From a bunch of stuff some other ham wanted to throw away, this ex-SWR meter.


I have no idea why the Dreaded Previous Owner stripped it down to this state. The meter movement is fine, 950-ish mV over a 4k7 resistor gives FSD, so it’s a 200uA unit.


The detector components are still in place, and it looks very similar to the Micronta 21-520A except that there’s only one meter. There’s also a little bobbin on the side for an antenna, presumably to make it into a Field-Strength Meter, but that’s a gimmick and won’t happen.


The junkbox yielded two switches of the right type and size (one selects Power / SWR, and in SWR mode the other selects Forward / Reverse). There will also be a pot to set FSD in Forward mode after which the Reverse mode should give the SWR. Give or take. Don’t expect a lot from meters like this.

Fast forward a bit and we have



Don’t ask me what used to live in those two extra holes. This setup works for me, for the price of a few junkbox parts and some time.



Trust the military to call a Morse key a “Key and Plug Assembly No. 19”.

It goes with the Wireless Set No. 62, which was vehicle mounted. You strap the key to your leg so that you have one hand free to hold on for dear life while presumably frantically tapping out code with your other hand.




Well, almost. In Ham Speak, a boat anchor is an old, large, probably obsolete piece of radio equipment. I have more than one.


The Heathkit HW-32 only qualifies if you have a tiny boat. At about 30cm wide and 15cm high, it’s actually quite small for a 14 valve transceiver rated for 200W PEP output. OK, it only does this on a single band, 20m in this case (the HW-12 and HW-22 covers 80m and 40m respectively).

Frequency coverage is 14.2 to 14.35 MHz, for mobile SSB operation. There’s no provision for CW and no coverage of the CW portion of the band.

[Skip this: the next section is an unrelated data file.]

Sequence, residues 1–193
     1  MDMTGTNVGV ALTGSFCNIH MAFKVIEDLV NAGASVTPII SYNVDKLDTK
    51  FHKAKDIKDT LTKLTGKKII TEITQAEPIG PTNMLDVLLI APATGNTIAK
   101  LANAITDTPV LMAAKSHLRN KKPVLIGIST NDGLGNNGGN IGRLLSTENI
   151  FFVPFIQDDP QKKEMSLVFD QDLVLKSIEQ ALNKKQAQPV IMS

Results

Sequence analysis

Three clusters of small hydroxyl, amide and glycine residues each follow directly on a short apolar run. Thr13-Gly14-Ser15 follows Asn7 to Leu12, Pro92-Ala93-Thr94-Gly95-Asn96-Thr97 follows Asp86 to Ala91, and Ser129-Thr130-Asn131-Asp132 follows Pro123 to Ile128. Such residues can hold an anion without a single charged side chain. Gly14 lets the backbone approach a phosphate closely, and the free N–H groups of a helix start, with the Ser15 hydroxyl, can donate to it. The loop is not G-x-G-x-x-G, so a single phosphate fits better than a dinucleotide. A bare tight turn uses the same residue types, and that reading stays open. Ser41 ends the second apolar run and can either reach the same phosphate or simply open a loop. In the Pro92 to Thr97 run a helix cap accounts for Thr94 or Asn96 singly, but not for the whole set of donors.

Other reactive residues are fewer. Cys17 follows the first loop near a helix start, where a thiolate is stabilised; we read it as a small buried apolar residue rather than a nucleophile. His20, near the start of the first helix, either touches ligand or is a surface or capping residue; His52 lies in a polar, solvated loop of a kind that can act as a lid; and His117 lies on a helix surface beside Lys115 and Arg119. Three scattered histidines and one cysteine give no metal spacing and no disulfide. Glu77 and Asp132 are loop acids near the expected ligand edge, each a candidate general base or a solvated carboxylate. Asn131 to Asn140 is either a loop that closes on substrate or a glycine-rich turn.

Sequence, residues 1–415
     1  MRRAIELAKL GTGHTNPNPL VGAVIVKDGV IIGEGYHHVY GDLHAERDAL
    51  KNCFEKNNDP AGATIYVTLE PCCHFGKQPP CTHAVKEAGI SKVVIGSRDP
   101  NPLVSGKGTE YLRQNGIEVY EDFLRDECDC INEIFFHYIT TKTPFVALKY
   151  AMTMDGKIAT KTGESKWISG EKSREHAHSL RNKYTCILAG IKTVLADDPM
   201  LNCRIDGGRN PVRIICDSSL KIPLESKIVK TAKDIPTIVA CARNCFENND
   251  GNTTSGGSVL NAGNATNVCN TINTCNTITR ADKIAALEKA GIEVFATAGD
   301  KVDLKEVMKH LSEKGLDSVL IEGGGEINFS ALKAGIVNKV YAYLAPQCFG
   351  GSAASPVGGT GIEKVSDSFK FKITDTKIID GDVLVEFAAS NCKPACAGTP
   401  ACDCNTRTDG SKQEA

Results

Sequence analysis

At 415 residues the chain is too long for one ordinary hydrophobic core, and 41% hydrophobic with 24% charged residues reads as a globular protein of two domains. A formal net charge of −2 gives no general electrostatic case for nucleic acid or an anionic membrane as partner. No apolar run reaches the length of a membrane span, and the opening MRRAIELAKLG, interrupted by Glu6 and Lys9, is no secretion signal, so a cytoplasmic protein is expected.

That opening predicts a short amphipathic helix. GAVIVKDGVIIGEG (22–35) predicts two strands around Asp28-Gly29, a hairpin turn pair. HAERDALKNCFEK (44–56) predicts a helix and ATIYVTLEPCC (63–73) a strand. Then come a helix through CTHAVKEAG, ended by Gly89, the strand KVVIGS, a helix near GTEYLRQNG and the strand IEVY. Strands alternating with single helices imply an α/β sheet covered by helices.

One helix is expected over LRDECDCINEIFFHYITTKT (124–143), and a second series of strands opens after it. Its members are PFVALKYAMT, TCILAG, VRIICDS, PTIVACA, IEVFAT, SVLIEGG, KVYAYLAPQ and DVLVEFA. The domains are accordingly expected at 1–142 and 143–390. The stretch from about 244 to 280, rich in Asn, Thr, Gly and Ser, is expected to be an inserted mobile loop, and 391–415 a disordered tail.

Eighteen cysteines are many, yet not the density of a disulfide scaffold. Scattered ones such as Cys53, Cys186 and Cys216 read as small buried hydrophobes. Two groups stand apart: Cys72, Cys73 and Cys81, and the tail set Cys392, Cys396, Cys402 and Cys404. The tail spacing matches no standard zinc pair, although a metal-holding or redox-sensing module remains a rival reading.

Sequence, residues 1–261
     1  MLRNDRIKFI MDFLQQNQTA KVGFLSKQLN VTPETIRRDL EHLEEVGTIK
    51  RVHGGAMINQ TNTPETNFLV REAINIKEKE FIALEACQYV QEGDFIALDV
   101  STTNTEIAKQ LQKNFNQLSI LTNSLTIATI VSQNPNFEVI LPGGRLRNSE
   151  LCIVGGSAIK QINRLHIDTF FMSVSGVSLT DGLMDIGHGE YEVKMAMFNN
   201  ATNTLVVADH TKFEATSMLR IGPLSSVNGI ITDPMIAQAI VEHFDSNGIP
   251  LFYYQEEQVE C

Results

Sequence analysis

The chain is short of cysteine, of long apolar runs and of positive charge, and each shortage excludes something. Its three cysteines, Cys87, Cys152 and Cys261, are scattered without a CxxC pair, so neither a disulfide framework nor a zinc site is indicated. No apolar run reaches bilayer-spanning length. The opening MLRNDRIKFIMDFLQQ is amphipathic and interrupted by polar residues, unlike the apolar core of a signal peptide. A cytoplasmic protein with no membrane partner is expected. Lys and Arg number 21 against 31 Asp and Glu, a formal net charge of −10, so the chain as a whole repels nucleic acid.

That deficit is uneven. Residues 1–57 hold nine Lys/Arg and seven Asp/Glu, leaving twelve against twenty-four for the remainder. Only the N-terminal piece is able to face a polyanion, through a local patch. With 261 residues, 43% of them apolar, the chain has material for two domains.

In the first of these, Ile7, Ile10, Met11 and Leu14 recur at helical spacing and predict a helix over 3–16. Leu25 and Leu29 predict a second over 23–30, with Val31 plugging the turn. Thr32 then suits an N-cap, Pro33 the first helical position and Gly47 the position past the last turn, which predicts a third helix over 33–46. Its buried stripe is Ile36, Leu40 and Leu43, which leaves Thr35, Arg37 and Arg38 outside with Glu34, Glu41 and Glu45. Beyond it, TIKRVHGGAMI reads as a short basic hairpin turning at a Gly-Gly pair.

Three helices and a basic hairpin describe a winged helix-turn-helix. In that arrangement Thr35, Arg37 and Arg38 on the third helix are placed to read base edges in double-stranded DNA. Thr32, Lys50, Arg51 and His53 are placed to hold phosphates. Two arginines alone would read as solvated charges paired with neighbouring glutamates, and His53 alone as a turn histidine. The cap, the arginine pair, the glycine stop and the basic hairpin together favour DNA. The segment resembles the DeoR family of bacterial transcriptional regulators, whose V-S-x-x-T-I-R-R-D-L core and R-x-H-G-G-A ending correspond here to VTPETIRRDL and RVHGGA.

At 5 1/2 kilos, it’s also too light to be a boat anchor — but that’s because it doesn’t have a built-in power supply. You need to supply 800V DC, 250V DC, and -130V DC bias, as well as 12V for the filaments.

We’ve come a long long way in 50 years.


A tale of how not to do it, with a happy ending.

Our hunting club has eight Kenwood TK-2000 walkie-talkies. This is hardly ever enough, even when I take my Baofeng UV-B5* with.

So when a fellow ham had two TK-2000s for sale, I bought them. The programming cable is easy, and the software (KPG-137D) is not hard to find.

The first radio programmed fine, the second one… is password protected. I’m sure there’s a trick to resetting the password, I just don’t know what it is. So out comes the schematic from the service manual, and there’s an EX24016 hanging off the side of the R5F2136A microcontroller. EX24016 being another way of saying 24C16 which is an EEPROM. Memory. Where things get stored.

And while my favourite programming language is not solder, I’m not half bad at it.

And one universal programmer and one of my favourite tools later we have (the bits not shown are all just FF).